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UEFA Euro 2016 contenders – Italy

Since winning the World Cup in 2006 under the stewardship of Marcelo Lippi, Italy have been abysmal at world football’s highest stage, going home at the first hurdle from the last two editions of the football’s acme event. However, they did extremely well at the European Championship in 2012 when they reached the final in Kiev, although they were completely taken apart in the summit clash by Spain who thrashed them 4-0 in what turned out to be a one-sided affair.

Italy are now managed by Antonio Conte, a strict disciplinarian, and a man with a proven track record in management at the club level. He led the side through a successful qualifying campaign for Euro 2016 in France next year and the way his team are playing has raised the expectations of the Azzurri faithful as they dream of being crowned the European champions for the first time since 1968.

Conte took charge of the national team following an abrupt departure from the helm of Juventus, whom he had guided to three successive Scudettos during his time at the Juventus Stadium. He took the rein of the Azzurri and the transformation in their fortunes and playing style has been clearly apparent. Conte is known for the respect that he commands and the authority with which he runs his team and it clearly seems to have worked with the national team.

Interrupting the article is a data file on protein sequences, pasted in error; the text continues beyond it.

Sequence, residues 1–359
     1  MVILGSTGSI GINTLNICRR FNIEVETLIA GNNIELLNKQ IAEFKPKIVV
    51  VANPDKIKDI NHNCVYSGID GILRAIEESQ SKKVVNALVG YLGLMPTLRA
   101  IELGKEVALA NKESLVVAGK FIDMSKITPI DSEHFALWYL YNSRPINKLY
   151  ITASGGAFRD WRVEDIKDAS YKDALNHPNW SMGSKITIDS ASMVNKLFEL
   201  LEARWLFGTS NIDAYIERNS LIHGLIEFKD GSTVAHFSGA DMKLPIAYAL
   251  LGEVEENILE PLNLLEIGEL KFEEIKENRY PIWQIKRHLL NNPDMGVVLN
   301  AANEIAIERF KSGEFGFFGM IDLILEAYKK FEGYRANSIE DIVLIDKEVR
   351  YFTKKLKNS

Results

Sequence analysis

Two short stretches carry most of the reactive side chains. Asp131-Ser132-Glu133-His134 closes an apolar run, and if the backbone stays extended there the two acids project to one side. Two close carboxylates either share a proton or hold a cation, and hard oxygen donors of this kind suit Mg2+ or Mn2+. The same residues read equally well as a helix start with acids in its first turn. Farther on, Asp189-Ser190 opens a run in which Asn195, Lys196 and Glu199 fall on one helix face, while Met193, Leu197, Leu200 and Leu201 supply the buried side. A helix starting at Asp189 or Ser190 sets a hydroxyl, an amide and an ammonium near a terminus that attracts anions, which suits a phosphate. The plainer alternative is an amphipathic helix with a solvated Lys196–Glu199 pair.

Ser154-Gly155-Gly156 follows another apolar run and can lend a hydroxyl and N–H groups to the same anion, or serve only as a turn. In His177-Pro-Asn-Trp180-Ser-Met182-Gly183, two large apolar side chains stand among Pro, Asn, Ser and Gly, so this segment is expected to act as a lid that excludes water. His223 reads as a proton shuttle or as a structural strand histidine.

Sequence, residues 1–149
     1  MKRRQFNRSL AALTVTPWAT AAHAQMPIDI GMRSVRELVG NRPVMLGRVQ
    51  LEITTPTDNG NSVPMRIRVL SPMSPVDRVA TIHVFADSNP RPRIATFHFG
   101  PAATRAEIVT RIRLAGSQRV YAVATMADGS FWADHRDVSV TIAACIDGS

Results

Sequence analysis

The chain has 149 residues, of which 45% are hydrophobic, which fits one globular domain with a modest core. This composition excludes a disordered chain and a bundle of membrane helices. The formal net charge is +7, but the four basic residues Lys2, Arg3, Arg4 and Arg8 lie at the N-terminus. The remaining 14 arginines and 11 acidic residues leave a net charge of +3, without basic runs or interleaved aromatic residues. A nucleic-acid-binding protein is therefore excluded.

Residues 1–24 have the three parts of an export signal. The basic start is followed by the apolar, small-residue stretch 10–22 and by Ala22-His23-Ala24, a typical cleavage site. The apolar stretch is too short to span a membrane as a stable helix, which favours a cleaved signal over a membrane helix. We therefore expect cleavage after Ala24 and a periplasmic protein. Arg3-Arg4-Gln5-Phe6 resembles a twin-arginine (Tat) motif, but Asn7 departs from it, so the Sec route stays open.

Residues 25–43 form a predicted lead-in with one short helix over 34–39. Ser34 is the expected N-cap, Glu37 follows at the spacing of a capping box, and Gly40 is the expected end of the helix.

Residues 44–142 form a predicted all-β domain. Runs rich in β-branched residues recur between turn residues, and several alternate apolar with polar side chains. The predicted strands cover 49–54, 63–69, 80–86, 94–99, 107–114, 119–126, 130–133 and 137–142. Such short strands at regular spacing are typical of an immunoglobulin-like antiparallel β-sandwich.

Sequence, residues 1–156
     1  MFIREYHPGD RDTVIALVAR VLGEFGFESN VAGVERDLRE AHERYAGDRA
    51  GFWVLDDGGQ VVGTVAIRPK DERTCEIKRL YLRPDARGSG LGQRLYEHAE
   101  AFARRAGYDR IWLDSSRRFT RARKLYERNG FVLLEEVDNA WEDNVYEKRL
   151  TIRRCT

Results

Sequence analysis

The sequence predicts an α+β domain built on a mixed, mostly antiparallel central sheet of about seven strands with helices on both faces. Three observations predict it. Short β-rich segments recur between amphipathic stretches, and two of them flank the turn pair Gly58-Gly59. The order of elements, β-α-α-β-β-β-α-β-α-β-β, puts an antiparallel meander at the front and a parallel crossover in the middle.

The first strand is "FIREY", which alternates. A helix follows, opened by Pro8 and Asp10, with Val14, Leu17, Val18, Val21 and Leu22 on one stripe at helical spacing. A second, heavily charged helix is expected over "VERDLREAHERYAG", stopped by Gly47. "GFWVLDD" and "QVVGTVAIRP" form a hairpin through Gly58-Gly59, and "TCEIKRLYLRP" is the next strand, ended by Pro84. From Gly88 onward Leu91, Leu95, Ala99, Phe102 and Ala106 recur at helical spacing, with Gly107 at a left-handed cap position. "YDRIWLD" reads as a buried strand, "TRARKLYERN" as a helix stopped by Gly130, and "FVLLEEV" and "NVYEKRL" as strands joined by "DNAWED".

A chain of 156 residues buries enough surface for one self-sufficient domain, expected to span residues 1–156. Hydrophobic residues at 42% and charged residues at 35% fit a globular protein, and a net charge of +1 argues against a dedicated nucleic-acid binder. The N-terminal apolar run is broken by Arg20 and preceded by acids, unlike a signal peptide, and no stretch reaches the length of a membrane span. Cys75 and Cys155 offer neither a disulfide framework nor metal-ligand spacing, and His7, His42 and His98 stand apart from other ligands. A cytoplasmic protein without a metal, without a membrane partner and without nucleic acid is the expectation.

The Azzurri boss has a strong team with the veteran custodian Gianluigi Buffon still showing no signs of slowing down even at 37 years of age. Ahead of him, Juventus’ Giorgio Chiellini and Leonardo Bonucci are the first choice centre-backs with quality on either side of the defence in the form of Manchester United right-back Matteo Darmian, and Mattia De Sciglio on the left.

The midfield has the likes of Marco Verratti, Claudio Marchisio, Marco Parolo, Riccardo Montolivo, Alessandro Florenzi, Daniele De Rossi, and Andrea Bertolacci amongst others. The attack will probably be led by Southampton hitman Graziano Pelle with adequate support from Simone Zazza and Lorenzo Insigne.

Italy’s group, Group E, has Belgium, Republic of Ireland and Sweden, which doesn’t make it a straight forward proposition, but the Italians surely have the squad to top the group. However, the lack of international experience up front could bother them in the knockout stages of the tournament.